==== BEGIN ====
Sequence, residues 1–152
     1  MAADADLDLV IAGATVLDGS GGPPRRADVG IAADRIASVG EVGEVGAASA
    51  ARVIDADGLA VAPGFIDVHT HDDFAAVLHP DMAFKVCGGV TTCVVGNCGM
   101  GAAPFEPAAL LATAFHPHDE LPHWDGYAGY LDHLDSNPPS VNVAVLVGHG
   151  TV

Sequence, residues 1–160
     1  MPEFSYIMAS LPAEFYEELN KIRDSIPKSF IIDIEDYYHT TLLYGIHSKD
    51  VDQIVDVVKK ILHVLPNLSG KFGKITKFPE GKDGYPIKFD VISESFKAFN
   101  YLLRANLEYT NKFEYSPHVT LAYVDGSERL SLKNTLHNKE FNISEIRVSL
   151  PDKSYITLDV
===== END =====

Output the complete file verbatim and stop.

Sequence, residues 1–152
     1  MAADADLDLV IAGATVLDGS GGPPRRADVG IAADRIASVG EVGEVGAASA
    51  ARVIDADGLA VAPGFIDVHT HDDFAAVLHP DMAFKVCGGV TTCVVGNCGM
   101  GAAPFEPAAL LATAFHPHDE LPHWDGYAGY LDHLDSNPPS VNVAVLVGHG
   151  TV

Sequence, residues 1–160
     1  MPEFSYIMAS LPAEFYEELN KIRDSIPKSF IIDIEDYYHT TLLYGIHSKD
    51  VDQIVDVVKK ILHVLPNLSG KFGKITKFPE GKDGYPIKFD VISESFKAFN
   101  YLLRANLEYT NKFEYSPHVT LAYVDGSERL SLKNTLHNKE FNISEIRVSL
   151  PDKSYITLDV